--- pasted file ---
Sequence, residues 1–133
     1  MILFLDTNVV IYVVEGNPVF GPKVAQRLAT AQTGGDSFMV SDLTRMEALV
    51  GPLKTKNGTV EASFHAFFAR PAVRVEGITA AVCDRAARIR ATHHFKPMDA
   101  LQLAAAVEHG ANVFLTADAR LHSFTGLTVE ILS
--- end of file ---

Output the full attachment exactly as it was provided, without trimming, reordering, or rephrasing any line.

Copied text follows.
Sequence, residues 1–133
     1  MILFLDTNVV IYVVEGNPVF GPKVAQRLAT AQTGGDSFMV SDLTRMEALV
    51  GPLKTKNGTV EASFHAFFAR PAVRVEGITA AVCDRAARIR ATHHFKPMDA
   101  LQLAAAVEHG ANVFLTADAR LHSFTGLTVE ILS